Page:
"Switch" and Sustainability
I’ve just finished reading the wonderful book Switch: How to change things when change is hard by Chip & Dan Heath. It’s one of those books that takes a topic which, for most people, is something of an amorphous soup of ideas, refines it down to the essentials, adds in a couple of fresh perspectives, and packages the lot in a simple framework that makes it much easier to apply. In sustainability, change management is the difference between success and failure. As an engineer I hate to say it, but technology is the easy bit.
The Heath brothers use a great analogy for people and/or organisations – a rider guiding an elephant along a path. The rider is the rational, data crunching part of our brains, the elephant is the emotional parts of our brains (which we don’t like admitting is stronger than the rider), and the path is our situation/environment. The book gives the following menu of options for effective change:
Direct the rider:
- Follow the bright spots – see what’s working and copy it (more effective than focussing on problems);
- Script the critical moves – make very specific instructions where necessary;
- Point to the destination – define the desired endpoint.
Motivate the elephant:
- Find the feeling – make people connect emotionally with the topic (knowing isn’t enough);
- Shrink the change – break it into easily digestible chunks;
- Grow your people – instil a ‘growth mindset’ where people always want to do better.
Shape the Path:
- Tweak the environment – make it easy to do the right thing, harder to do the wrong thing;
- Build habits – habitual behaviour is ‘free’;
- Rally the herd – behaviour is contagious.
The Heaths illustrate their points with a huge number of case studies, but none of the in depth examples include sustainability (apart from a comment that climate change campaigners shouldn’t talk in terms of parts per million carbon dioxide if they want to succeed). So I thought I would look at some of the change management tools I have found successful and see how they map against this framework.
1. Strategies, management systems, action plans etc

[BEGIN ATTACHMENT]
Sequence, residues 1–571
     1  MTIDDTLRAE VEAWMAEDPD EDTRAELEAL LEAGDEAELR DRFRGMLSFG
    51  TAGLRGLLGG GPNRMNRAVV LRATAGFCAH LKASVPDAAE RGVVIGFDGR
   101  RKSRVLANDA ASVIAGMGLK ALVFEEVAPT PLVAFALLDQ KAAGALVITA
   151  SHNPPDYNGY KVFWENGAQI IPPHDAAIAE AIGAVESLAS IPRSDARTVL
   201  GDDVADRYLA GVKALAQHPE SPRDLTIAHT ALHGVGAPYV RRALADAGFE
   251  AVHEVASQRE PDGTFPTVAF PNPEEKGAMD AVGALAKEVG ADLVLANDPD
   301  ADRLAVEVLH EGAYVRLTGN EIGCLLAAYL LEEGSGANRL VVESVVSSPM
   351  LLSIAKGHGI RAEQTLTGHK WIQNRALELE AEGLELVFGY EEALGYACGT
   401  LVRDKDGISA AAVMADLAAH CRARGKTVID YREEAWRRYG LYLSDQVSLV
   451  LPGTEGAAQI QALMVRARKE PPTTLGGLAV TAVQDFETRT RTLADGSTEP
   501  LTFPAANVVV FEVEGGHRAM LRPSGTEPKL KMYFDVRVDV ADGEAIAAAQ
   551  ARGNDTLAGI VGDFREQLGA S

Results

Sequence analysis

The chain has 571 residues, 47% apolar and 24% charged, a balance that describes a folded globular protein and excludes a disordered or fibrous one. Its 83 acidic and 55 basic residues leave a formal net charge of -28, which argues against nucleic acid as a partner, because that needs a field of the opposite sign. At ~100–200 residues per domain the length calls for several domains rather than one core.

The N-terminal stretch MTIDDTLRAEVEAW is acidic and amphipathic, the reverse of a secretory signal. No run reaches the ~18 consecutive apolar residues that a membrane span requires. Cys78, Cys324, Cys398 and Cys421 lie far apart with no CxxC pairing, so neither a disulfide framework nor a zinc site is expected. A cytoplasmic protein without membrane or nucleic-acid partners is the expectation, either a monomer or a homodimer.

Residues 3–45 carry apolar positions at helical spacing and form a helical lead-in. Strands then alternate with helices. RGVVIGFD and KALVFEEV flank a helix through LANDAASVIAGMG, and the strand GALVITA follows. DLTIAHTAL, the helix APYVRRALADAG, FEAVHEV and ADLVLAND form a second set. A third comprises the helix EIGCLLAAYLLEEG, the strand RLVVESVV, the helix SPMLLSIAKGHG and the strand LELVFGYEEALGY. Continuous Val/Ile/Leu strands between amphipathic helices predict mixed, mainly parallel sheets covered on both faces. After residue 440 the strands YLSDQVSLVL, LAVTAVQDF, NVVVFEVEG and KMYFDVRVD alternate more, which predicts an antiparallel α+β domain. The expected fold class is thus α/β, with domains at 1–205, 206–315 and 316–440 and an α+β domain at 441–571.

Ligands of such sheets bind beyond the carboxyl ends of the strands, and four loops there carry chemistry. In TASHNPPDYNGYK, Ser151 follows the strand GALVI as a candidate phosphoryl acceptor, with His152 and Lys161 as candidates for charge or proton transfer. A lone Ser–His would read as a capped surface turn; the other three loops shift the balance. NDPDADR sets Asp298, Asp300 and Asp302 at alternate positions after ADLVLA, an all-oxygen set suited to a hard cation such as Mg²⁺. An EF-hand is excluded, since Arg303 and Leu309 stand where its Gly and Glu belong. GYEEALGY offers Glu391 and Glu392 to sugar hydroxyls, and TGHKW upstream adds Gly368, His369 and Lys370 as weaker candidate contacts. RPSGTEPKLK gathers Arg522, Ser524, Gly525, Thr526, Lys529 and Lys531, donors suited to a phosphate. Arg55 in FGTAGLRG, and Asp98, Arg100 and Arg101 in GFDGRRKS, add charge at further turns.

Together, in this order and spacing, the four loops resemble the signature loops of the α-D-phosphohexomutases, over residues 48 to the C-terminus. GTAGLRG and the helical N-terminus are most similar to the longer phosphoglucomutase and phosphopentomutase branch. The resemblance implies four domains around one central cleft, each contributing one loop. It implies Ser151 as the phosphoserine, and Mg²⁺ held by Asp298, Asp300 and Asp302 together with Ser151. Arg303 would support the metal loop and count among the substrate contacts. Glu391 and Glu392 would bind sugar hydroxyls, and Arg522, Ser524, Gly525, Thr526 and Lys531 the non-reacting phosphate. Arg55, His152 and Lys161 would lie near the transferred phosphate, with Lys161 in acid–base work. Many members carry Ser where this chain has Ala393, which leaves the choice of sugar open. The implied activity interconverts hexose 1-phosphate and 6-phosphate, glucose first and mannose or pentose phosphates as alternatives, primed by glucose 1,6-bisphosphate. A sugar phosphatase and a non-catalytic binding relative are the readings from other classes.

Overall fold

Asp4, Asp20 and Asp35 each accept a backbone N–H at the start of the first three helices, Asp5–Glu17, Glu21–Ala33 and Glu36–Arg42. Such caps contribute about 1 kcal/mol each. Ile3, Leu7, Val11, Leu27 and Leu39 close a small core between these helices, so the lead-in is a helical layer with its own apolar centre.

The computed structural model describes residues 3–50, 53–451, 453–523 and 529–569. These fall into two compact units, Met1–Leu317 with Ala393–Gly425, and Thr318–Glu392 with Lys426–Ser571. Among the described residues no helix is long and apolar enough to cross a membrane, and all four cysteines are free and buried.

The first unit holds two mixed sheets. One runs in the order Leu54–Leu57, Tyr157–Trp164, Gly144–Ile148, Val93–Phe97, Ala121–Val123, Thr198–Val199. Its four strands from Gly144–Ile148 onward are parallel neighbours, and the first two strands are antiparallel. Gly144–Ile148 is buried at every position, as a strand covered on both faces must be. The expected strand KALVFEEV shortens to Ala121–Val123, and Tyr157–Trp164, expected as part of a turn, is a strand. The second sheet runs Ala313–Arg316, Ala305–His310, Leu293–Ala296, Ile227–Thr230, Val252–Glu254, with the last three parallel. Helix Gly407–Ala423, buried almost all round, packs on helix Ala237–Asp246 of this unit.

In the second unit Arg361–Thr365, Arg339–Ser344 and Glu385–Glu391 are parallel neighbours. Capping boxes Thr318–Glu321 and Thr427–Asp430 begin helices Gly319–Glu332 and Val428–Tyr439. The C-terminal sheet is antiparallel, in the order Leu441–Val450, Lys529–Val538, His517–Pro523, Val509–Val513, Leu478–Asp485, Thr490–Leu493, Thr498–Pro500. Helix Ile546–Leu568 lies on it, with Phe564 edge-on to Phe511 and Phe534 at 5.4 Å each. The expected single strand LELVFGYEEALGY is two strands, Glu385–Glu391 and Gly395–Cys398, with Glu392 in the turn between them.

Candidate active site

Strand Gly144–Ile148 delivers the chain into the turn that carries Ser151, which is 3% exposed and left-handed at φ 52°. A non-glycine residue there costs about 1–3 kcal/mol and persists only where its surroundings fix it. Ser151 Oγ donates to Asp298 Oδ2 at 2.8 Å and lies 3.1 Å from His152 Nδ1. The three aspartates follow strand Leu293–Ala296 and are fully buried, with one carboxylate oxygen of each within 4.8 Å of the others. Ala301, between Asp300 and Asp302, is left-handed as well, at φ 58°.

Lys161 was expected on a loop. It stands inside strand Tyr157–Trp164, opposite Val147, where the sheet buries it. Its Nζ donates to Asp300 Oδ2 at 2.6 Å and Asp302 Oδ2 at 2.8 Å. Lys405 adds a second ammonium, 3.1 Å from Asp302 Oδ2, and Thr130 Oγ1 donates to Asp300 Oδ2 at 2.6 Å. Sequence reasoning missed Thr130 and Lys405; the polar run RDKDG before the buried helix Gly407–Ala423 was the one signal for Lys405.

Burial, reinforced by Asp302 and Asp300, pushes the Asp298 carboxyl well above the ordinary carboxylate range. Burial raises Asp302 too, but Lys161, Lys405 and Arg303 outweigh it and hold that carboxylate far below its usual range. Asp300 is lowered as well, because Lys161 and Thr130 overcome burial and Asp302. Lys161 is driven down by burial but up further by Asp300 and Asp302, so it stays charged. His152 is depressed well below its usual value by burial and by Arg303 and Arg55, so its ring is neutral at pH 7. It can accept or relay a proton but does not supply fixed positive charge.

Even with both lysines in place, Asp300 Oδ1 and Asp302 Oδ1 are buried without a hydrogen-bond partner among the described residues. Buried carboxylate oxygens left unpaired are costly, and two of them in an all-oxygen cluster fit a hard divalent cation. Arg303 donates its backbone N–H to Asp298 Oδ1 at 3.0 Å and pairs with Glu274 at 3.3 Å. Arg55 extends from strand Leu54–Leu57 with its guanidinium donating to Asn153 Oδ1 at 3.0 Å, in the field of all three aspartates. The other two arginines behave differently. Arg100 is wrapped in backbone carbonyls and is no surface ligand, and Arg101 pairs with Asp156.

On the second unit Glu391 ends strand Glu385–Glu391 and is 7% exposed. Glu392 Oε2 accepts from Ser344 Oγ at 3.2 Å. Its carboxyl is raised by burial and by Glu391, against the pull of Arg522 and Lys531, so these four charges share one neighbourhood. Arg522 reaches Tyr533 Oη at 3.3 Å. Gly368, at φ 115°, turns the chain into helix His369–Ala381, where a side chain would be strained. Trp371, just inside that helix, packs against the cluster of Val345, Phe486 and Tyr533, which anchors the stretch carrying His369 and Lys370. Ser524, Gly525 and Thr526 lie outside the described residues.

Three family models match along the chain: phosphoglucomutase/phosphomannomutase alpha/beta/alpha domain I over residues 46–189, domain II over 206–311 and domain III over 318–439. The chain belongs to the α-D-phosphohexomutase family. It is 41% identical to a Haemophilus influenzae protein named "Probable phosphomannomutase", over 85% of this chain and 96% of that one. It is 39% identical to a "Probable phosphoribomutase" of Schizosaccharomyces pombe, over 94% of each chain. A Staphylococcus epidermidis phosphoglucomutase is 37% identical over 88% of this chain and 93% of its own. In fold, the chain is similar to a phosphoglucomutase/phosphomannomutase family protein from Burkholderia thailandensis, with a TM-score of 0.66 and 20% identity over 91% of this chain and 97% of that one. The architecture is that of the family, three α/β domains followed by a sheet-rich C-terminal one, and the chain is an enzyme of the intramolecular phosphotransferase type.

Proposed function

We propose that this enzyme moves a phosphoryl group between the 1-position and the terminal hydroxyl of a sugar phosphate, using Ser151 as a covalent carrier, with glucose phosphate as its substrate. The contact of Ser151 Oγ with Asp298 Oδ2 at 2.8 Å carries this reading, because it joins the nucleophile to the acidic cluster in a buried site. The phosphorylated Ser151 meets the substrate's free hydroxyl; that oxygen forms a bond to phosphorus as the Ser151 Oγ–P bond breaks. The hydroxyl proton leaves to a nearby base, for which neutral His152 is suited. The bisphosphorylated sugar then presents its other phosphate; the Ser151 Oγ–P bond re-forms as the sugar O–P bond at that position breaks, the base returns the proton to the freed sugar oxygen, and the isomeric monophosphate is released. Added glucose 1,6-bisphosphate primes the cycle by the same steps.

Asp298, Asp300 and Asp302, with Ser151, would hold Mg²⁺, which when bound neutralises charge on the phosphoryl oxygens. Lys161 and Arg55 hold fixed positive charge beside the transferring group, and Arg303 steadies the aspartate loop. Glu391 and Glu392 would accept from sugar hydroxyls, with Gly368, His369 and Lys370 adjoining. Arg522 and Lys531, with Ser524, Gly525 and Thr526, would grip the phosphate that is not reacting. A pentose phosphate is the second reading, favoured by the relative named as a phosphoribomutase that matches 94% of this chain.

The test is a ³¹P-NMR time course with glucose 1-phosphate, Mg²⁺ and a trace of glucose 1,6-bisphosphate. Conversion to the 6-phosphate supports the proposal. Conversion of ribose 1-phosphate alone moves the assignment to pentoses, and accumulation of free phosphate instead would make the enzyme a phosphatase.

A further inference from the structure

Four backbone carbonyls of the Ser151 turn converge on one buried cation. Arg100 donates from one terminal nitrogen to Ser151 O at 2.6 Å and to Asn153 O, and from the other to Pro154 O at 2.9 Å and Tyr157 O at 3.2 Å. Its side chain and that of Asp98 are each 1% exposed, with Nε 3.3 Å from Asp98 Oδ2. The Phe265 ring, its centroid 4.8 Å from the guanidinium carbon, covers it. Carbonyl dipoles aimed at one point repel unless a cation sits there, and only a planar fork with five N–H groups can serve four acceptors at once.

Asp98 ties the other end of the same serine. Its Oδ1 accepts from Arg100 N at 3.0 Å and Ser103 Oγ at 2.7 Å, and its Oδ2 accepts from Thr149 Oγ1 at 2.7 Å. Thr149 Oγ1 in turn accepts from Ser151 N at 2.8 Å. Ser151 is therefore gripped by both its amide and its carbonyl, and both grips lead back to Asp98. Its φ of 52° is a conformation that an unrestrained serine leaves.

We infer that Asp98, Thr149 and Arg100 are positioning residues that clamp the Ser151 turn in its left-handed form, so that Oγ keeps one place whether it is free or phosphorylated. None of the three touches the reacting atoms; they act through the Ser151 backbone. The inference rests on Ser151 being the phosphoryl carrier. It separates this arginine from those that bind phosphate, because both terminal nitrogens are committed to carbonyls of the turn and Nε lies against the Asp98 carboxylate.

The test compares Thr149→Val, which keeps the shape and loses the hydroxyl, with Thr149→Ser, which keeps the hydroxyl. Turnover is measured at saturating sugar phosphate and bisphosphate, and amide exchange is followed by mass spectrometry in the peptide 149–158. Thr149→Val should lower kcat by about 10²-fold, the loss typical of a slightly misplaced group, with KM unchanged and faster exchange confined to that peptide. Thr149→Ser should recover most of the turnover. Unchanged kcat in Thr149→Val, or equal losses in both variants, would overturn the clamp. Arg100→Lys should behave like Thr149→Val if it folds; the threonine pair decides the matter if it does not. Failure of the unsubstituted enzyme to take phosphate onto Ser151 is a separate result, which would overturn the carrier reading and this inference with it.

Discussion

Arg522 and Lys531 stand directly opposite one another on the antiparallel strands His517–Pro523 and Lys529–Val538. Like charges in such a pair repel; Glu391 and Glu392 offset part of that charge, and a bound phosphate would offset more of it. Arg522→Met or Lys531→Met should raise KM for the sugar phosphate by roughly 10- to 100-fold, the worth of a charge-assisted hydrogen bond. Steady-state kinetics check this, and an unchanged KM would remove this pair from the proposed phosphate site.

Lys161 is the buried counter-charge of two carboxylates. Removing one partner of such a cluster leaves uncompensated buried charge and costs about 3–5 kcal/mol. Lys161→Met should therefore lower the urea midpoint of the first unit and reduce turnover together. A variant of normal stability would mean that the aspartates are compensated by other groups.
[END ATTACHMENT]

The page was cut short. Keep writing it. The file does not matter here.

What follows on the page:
These are all ‘rider’ type solutions, ignoring the elephant, which is why organisations find it hard to embed them into the organisational culture. Systems and technologies may be installed, but are unused and people tend to follow their old habits. At best, some of the ‘shape the path’ principles may be included in the action plans and sheer force of will from management might just make them habitual over time. Don’t get me wrong, these elements are essential for the rider and the path, but for them to succeed the elephant needs attention.
2. Switch it off campaigns
Such simplistic instructions are for the rider – scripting the moves – and you simply have to hope they feed through to the elephant. The best example I have seen, Northern Foods’ colour labelling of machines (red = leave on, green = switch off if left on, amber = ask supervisor), tweaks the situation to encourage and facilitate good behaviour and to a certain extent ‘shrinks the change’. If you get the message right, then the instruction can touch a deeper nerve – my friends at GPM Network developed a staff campaign for a charity which revolved around messages like “Switching off this PC every night is the equivalent to an £XX donation to our projects”.
3. Involving staff in generating solutions
This is where the elephant gets some serious attention. People love being part of something exciting (the feeling) and encourages people to grow and the problem to shrink as it is better understood. Pride in a solution will mean it is more likely to be used properly. Done properly in groups this approach will rally the herd as teams see their ideas take fruit and put pressure on peers to make them succeed.
4. Staff competitions
Again an elephant type solution. People love competing – or we wouldn’t pay footballers gazillions a day to run up and down a piece of grass after a ball – so competition taps into our emotional elephant. Dividing staff into teams and awarding a notional prize to the team that, say, cuts its carbon most, is a very effective method of staff engagement. The herd instinct is there too – if someone is letting the side down, their peers will soon let them know.
Very much a mixture of scripting the moves and growing your people, but it needs to be part of wider methods to have an effect. Otherwise the elephant goes back to its old habits with the occasional guilty reminder from its rider. In my training courses I try to bring elephant-centric elements into the sessions by including elements of section 3 above.
In conclusion, I whole-heartedly recommend the book if you are serious about any form of change management in your organisation. Sustainability fits very well with the model – as you can see from the above. Organisations tend to provide their staff with information, but find, as the Switch authors repeat, knowing isn’t enough – you’ve got to tap into that emotional feeling (some examples here) and create the right situation.